"ONE SMALL STEP ..."

Last Updated 12 August 2001

INTERNATIONAL RESEARCH NEWS:

Please note that most of the information we will publish on this page will probably be technical in nature. It will normally reflect the advances made in the name of the Spinal Cord Society and will increasingly emphasise advances made at the SCS Fort Collins Research facility. Be assured that we will make every effort to publish the very latest information irrespective of it's origin, but we may need your help from time to time. If you would like to make suggestions about our page, please email our project chairman at spinal@lionsclubtraralgon.asn.au or the site editor HERE.

FORT COLLINS LABORATORY UPDATE

The overall general goal of the lab is to combine the components of a clinical cure to the point of human trials. Therefore, one major goal of the Spinal Cord Society (SCS) Research Centre is to develop a workable cell-covered bridge to support regeneration in the chronic cord. But, several components are required and not all of these are now ready. They include the polymer bridging material, which has been acquired and is ready to go, and methods of making remaining cells at the injury site conducive to axonal regrowth. The latter component is not yet completed. Other goals include optimising the conversion of other cells into suitable autologous stem cells, neurons, different types of supporting glial cells, and using this and other information to better overcome scar inhibition. This work is well underway. Still another part of the program right now is to identify tissue easily obtainable from the same patients to be treated, and learning how to isolate and culture neuronal cells from it for transplant. Some progress has been made here but more is needed.

Another part of this combination effort is to perfect the liposome delivery system and humanize it. It will mean continued testing with what has been developed in Alaska, Estonia and the Centre. So far, the system works very well in the test tube but when tried in animals does not. To humanize the system, that is make it usable for humans, human antibodies will be incorporated into what SCS has already developed. The approach will be non-toxic and so far excellent results have been obtained in that part of it. The whole idea is to be able to transfect (or inject) whatever is needed into cells so as to alter them to do or become what is desired.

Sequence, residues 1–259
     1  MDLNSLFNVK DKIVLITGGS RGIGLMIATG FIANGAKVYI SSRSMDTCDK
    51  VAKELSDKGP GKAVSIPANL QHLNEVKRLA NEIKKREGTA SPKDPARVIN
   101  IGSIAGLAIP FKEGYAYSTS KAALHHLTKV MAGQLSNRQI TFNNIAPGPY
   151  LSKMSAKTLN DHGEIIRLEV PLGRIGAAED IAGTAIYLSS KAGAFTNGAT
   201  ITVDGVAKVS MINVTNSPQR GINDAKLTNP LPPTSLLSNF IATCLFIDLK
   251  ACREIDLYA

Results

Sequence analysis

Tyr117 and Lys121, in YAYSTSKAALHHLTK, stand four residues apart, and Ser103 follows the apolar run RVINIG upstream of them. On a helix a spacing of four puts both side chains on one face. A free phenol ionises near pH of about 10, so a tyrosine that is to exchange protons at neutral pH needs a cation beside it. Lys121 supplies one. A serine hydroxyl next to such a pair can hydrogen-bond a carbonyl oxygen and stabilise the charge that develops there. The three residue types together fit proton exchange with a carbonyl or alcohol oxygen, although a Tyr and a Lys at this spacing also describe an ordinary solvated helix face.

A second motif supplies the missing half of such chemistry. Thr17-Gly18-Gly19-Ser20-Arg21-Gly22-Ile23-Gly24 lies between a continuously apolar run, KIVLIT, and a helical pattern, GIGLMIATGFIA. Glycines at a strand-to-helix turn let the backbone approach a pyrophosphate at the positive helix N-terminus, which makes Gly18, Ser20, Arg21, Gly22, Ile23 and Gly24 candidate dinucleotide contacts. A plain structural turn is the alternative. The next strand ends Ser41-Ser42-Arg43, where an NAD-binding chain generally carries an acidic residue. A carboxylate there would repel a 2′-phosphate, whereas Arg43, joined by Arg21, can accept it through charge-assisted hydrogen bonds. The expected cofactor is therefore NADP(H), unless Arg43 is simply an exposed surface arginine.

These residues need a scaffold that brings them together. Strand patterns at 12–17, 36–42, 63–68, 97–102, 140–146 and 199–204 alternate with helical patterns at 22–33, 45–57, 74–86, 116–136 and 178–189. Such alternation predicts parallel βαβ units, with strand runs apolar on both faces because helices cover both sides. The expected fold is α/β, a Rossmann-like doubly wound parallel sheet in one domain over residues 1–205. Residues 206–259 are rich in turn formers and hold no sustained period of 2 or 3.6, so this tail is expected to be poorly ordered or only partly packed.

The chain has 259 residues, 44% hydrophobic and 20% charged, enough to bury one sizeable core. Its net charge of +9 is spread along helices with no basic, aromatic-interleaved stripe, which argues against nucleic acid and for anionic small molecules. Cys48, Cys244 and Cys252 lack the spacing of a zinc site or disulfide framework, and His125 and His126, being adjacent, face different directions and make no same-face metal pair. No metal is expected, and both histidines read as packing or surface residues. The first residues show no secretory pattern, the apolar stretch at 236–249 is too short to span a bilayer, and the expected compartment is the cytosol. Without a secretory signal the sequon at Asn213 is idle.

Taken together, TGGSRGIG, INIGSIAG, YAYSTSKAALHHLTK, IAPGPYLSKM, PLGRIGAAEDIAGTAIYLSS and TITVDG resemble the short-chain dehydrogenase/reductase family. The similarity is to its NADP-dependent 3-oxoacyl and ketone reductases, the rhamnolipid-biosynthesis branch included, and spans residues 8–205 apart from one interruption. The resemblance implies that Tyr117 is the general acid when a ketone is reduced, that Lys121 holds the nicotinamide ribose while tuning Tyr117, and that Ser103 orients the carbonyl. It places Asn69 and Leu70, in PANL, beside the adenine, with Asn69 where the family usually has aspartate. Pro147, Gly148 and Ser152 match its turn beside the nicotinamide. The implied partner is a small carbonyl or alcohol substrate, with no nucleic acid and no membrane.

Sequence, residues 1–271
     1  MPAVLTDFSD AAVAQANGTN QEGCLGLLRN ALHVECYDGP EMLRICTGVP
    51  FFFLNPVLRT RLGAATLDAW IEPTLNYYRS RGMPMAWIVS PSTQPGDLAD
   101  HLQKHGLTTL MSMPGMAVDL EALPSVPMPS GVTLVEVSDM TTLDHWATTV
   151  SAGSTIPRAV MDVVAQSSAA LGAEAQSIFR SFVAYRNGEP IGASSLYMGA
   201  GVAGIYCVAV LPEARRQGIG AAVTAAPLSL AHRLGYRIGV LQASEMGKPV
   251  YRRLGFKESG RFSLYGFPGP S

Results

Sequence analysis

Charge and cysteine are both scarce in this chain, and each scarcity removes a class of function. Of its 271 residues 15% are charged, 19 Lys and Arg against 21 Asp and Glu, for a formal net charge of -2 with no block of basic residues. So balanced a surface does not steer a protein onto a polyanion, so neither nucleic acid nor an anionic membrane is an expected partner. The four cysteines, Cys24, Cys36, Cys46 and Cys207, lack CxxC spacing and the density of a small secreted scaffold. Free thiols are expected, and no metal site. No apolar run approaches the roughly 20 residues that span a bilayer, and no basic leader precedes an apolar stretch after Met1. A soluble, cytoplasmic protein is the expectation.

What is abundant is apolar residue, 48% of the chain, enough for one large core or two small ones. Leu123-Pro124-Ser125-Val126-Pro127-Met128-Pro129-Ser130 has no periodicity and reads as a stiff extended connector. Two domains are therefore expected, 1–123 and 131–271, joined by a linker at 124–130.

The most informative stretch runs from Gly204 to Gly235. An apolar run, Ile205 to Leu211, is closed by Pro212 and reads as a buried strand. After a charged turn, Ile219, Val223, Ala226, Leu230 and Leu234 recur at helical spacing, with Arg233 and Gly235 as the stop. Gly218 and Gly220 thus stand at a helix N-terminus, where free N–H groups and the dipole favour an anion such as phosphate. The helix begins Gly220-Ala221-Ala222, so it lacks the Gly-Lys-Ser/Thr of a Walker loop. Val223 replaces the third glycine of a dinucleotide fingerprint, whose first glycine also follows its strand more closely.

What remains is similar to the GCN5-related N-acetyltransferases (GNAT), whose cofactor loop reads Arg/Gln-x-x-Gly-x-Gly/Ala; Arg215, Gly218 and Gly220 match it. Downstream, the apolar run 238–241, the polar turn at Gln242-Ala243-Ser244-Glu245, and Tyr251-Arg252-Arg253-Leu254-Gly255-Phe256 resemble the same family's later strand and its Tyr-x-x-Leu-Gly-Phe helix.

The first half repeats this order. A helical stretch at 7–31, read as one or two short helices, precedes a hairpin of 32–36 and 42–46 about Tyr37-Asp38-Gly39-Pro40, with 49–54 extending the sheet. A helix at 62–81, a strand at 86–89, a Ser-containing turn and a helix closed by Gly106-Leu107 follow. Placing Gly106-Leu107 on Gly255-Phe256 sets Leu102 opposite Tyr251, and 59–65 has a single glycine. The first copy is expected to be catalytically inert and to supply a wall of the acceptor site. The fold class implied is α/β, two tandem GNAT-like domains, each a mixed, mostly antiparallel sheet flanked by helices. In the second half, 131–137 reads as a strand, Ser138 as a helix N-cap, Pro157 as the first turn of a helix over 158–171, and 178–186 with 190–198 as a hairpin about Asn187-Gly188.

All this is not easy, but at least it is ongoing practical combinations targeted right on solving the complex problem of chronic spinal cord injury, and not just talk about possibilities or working on another goal instead.

We will have brief monthly updates on each phase of work in the Centre laboratories and at 6 month intervals there will be longer, more detailed reports. In simplest terms, the basic problems, which must be solved, are about as follows:

1) Obtaining useful autologous cells. Should the right stage embryonic cells become available on a large scale and if they prove safe and non-rejecting, we will use those also, but all along SCS has believed that adult, or autologous stem cells may prove the best because of their automatic lack of any possible rejection. However attractive embryonic cells of the right stage may be, but no one knows for sure yet that they won't reject down the line. It would never do to find out too late. Nevertheless, SCS will continue to keep its options open. Cure, not politics or religion, is our main objective. And so far as we can tell it is possible to obtain usable embryonic stem cells without violating laws or ethics.

2) Using what has been learned about the chronic scar and how to effectively disrupt it to build this portion of an effective combination clinical treatment.

3) Changing stem cells into those types needed.

4) Developing various models of the polymer bridge to determine which is the best.

5) Finding which type of tissue is best to use as a source of stem cells from the same patient.

6) Perfecting and humanizing the non-toxic liposome delivery system.

7) Perfecting methods of up regulating regeneration from both remaining cells and those transplanted in a bridge.

There are now 4 Ph.D.s in the Centre and by August there will be five plus assistants. Many trials are already underway with more planned. The Centre lab is extremely well equipped.

REPORT FROM THE CELL BIOLOGY UNIT

It has been a busy spring in the SCS Research Centre in Fort Collins. Since February the research team has had their hands full creating a functional research laboratory that can now welcome newcomers with the pioneering front line research environment The units for systems biology, cell biology and molecular biology are operating in an exciting mode of a team work. Each unit carries the responsibility its progress, and all the work of individual units will be combined to solve the problems of chronic spinal cord injury.